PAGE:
The Real Story behind the Belgian Deafblind Twins’ Euthanasia

;In the face of the media, truth will never prevail. Truth will always be tucked in a faraway corner, while the most ‘sensible’, ‘convenient’ story will make the top headlines and people will believe whatever is flashed in neon signs than the underlying truth in black and white.

The twins from Belgium that were granted the right to be euthanized and succumbed to lethal injection on December 14 had a story to tell, but all the world saw was the reasoning behind their deaths as attributed to solely being Deaf and going blind. Actually, Eddie and Marc Verbessem had a much more complicated, indepth story to tell from the grave, but will anyone listen? Is the reason of going blind surely justifiable for their deaths, the world wants to know, but the media continues to carbon copy the first initial reports that they chose death over going blind, and THAT story continues to be copied over and over again.

Not here. Not on my blog. I will explain in summary what REALLY went on behind the hospital curtains, with the Verbessem twins and their doctors but leave you to read several articles for more indepth information. It’s just a shame that the real story isn’t making the circuits out there.

The first wave of reactions on the Verbessem twins’ deaths were varied. Some sighted people said they would have done the same thing, if they had lost their hearing and sight. Even Deaf folk would go as far as to say that if they were going blind and lost their vital sense, it’s curtain time on their lives. They would willingly give up fast – and say that the brothers were in the right to end their life just because they were going blind. Many Deafblind people were aghast, shocked, saddened over the loss of ‘one of their own’. and even some shared they felt that the world was having an unkind glimpse into the depressing darkness of the lives of Deafblind people and now the pity was a heavy mountain onto them instead of the world cheering for them and forging ahead with ideas and plans and policy for a better quality of life. Instead, the Verbeseem twins’ deaths cast a heavy shadow over us. Would we be encouraged to do the same or our lives compared to their isolating and depressing life? We had just started to break through the glass ceiling which is the notion that 1. Helen Keller is the ONLY leader for the Deafblind in past, present and future, and 2. Deafblind people aren’t able to the extremes. 

Truth is, the part about the depression and the isolation of the Deafblind twins is real. I have seen it myself. I have lived it myself. I have travelled to the most accessible urban city  for Deafblind people in the world and see that the Nirvana of the Deafblind has not been reached; I have worked in Nigeria and Nepal – two of the world’s worst places for  a Deafblind person to even be alive in and the cloud of isolation and depression is just so heavy. Technology equipment that would morph Deafblind people to a higher level of independent living is just too expensive (thanks, Consumerism) and not many local or state level governments would dole out funds to cover the costs, thus Deafblind people live without that necessary means to survive society and choose the dark safety of their homes instead of venturing out with their government-covered technology that will stay a dream unless the government decides that Deafblind people are actually first class citizens, not second class. There are a very, very few independent skills training centres in the world for Deafblind people – most notably the Canadian Helen Keller Centre in Toronto, Canada; Helen Keller National Centre in Long Island, New York, United States, and a few small service centres in Europe. Most hearing-blind services provide basic training in Braille, Cane and specialized computer lessons but usually don’t go beyond teaching Tactile with Sign Language or Home/Independent Living skills (cooking, cleaning, daily chores, how to do errands with a sighted guide and Deafblind community immersion). There needs to be more of those latter, so that Deafblind people would be more likely to adapt to the ever-changing society and keep up with the times. Only if we were viewed as very able individuals with only loss of hearing and sight, not a piece of flesh that can be moved around like a puppet, a mind no one else thinks is worth pouring knowledge and the latest news into, a misfit that isn’t fit for any society.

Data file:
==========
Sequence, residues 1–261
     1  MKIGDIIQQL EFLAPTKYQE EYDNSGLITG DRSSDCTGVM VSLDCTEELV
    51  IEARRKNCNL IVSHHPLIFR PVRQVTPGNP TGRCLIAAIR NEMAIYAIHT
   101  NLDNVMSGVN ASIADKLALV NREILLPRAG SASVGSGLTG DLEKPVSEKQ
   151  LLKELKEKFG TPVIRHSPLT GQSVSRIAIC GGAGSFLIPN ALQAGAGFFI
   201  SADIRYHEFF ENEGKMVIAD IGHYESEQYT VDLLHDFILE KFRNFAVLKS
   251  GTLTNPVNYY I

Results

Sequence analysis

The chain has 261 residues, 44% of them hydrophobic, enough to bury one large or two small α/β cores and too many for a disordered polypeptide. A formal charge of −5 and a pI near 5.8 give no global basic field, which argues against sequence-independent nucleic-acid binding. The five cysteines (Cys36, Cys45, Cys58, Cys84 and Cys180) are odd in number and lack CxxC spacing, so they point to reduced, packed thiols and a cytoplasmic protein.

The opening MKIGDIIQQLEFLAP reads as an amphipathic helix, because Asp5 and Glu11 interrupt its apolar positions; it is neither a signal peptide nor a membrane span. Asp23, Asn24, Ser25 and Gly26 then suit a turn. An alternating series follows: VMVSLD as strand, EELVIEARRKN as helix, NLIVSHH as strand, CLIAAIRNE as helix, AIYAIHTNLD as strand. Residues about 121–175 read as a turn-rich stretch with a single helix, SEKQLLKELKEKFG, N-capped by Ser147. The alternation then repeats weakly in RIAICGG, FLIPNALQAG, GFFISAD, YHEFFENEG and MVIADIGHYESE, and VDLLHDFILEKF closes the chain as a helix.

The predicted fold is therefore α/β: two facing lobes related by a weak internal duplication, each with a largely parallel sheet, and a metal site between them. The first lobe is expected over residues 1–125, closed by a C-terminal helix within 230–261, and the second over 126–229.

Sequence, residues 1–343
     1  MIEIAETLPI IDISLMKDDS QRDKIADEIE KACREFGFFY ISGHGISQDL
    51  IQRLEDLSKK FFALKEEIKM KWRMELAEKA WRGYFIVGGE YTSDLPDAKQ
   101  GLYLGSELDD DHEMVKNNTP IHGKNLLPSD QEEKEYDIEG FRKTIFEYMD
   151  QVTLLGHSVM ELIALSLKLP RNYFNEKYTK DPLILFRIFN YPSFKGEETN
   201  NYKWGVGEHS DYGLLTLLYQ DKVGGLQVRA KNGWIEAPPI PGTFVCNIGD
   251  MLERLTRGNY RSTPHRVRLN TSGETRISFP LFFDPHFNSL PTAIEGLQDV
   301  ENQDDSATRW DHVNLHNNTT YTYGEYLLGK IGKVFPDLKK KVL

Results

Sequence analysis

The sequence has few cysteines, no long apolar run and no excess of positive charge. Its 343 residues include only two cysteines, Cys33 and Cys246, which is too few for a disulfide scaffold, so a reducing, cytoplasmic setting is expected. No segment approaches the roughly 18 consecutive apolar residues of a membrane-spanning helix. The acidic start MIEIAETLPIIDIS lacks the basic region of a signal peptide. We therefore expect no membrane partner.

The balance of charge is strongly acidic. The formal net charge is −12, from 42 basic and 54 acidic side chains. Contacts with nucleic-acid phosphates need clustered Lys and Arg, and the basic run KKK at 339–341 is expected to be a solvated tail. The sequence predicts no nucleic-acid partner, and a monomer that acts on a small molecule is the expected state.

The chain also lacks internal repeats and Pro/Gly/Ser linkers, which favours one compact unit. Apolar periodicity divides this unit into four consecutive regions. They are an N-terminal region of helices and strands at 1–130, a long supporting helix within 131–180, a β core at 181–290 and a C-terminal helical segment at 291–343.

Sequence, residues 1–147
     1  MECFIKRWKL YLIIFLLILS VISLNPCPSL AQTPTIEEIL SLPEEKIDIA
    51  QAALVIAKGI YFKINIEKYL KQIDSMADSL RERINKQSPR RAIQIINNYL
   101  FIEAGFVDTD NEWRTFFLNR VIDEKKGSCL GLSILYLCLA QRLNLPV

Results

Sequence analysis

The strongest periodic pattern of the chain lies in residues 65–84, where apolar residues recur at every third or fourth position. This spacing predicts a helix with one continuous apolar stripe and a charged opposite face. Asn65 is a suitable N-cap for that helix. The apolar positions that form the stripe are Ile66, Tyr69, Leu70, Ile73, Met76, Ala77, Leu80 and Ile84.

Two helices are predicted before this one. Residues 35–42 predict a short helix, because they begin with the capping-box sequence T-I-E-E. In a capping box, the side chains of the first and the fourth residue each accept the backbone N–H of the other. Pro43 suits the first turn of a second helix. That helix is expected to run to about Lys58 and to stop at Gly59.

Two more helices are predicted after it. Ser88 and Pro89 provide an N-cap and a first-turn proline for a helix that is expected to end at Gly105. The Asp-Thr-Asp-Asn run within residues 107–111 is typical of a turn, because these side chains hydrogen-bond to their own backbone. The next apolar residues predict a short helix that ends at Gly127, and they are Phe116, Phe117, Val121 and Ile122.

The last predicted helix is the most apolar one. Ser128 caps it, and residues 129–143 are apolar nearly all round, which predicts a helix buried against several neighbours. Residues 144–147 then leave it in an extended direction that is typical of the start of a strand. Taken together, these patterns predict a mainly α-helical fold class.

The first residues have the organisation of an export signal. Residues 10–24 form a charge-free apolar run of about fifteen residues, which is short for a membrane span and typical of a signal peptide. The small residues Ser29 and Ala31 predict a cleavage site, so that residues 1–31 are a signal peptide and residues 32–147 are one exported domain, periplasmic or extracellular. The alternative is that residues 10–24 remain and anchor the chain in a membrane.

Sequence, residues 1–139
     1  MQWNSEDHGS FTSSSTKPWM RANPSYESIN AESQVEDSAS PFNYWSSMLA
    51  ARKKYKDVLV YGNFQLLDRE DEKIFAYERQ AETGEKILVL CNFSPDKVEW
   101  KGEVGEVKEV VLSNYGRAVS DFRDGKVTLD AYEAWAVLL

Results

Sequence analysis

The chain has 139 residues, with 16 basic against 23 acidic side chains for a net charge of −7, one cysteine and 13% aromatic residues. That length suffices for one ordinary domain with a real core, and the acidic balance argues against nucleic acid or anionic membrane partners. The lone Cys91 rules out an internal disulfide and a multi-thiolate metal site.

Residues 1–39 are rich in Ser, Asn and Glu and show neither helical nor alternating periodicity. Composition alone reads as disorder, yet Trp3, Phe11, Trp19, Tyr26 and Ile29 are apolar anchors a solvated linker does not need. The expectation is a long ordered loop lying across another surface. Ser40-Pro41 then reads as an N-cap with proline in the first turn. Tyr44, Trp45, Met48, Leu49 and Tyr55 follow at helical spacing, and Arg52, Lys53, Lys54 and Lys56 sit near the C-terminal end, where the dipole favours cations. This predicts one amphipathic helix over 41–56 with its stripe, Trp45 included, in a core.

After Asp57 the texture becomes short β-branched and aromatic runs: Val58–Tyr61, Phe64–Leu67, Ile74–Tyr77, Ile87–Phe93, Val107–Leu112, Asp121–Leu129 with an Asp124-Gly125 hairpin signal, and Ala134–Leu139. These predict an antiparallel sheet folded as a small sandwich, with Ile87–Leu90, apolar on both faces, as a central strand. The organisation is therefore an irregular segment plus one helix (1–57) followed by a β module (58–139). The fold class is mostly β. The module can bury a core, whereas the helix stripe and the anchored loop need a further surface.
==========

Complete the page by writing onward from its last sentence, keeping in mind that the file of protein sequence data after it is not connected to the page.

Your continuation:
There are many, many successful Deafblind leaders around the world, you would be AMAZED at the number of individuals who have overcome so many barriers and challenges to achieve system change, to spread inspiration, to educate society and the Deafblind themselves of their abilities and not the lack of, and write books, establish organizations, have a career that is just like any other sighted person given the Deafblind person is given the tools needed. I wonder if the Deafblind Verbessem twins know of all the above – the education that was available, the Deafblind community in Belgium around them, the tools that were out there for them to keenly acquire so that their fears of going blind would be soothed with their own amazement and comfort? We will not really know, unless they have written a book, a journal or spoken with someone who can verify that they know of this, or didn’t.